India has 190 million adults without a bank account despite the success of the ambitious Jan Dhan Yojana, making it the world's second largest unbanked population after that of China, the World Bank said on Thursday.
Besides, almost half of the bank accounts remained inactive in the past year, the multilateral financial institution said in a report, even as it lauded the Indian government's financial inclusion scheme, the Jan Dhan Yojana, for bringing in additional 310 million Indians into formal banking system by March 2018.
According to the latest Global Findex Database released by the World Bank on the sidelines of the annual Spring meeting of the International Monetary Fund and the World Bank, 11 per cent of the world's unbanked adults are in India.
Globally, 69 per cent of adults 3.8 billion people now have an account at a bank or mobile money provider, a crucial step in escaping poverty.
This is up from 62 per cent in 2014 and just 51 per cent in 2011. From 2014 to 2017, 515 million adults obtained an account, and 1.2 billion have done so since 2011, according to the Global Findex database.
The Modi government's massive push in 2014 to increase account ownership through biometric identification cards has benefited traditionally excluded groups, the World Bank said, but expressed concern that almost half of the account owners have an account that remained inactive in the past year.
Part of the explanation might be India's Jan-Dhan Yojana scheme, developed by the government to increase account ownership, brought an additional 310 million Indians into the formal banking system by March 2018, many of whom might not yet have had an opportunity to use their new account, it said.
In India, the share of adults with an account has more than doubled since 2011, to 80 per cent, the World Bank said, adding that an important factor driving this increase was a government policy launched in 2014 to boost account ownership among unbanked adults through biometric identification cards.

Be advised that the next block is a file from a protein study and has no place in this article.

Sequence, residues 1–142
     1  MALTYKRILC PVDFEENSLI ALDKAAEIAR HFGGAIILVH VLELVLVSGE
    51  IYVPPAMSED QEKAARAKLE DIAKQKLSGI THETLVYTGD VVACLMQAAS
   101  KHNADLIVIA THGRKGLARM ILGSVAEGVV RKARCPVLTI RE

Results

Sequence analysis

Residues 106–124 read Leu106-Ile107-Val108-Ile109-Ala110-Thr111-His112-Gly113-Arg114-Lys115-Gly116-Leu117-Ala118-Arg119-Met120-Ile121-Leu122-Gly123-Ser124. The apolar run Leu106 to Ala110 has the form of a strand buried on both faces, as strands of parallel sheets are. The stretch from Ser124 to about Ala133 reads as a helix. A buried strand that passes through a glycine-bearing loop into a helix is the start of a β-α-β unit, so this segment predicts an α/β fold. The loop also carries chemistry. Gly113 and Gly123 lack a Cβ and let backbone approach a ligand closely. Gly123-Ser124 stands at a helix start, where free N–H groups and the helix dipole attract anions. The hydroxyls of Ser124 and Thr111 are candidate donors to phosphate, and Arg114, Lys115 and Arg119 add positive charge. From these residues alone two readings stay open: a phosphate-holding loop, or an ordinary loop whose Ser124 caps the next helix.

"This policy benefited traditionally excluded groups and helped ensure inclusive growth in account ownership, the report said.
Between 2014 and 2017, account ownership in India rose by more than 30 percentage points among women as well as among adults in the poorest 40 per cent of households.
Among men and among adults in the wealthiest 60 per cent of households it increased by about 20 percentage points.
The World bank said a strong government push to increase account ownership through biometric identification cards in India helped narrow both the gender gap and the gap between richer and poorer adults.
In India three years ago, men were 20 percentage points more likely than women to have an account.
"Today, India's gender gap has shrunk to 6 percentage points thanks to a strong government push to increase account ownership through biometric identification cards," the report said.
Observing that for governments, switching from cash to digital payments can reduce corruption and improve efficiency, the World bank said in India the leakage of funds for pension payments dropped by 47 per cent (2.8 percentage points) when the payments were made through biometric smart cards rather than being handed out in cash.
According to the report, the gender gap in the use of digital payments varies substantially among developing economies.
In India, for example, 42 per cent of male account owners use digital payments, while just 29 per cent of female account owners do, it said.
"Financial inclusion allows people to save for family needs, borrow to support a business, or build a cushion against an emergency.
"Having access to financial services is a critical step towards reducing both poverty and inequality, and new data on mobile phone ownership and internet access show unprecedented opportunities to use technology to achieve universal financial inclusion," he added.
Globally, 1.7 billion adults remain unbanked, yet two-thirds of them own a mobile phone that could help them access financial services.
Digital technology could take advantage of existing cash transactions to bring people into the financial system, the report finds.
In South Asia, the share of adults with an account rose by 23 percentage points, to 70 per cent.
Progress was driven by India, where a government policy to increase financial inclusion through biometric identification pushed the share with an account up to 80 per cent, with big gains among women and poorer adults.
Excluding India, regional account ownership still rose by 12 percentage points but men often benefited more than women.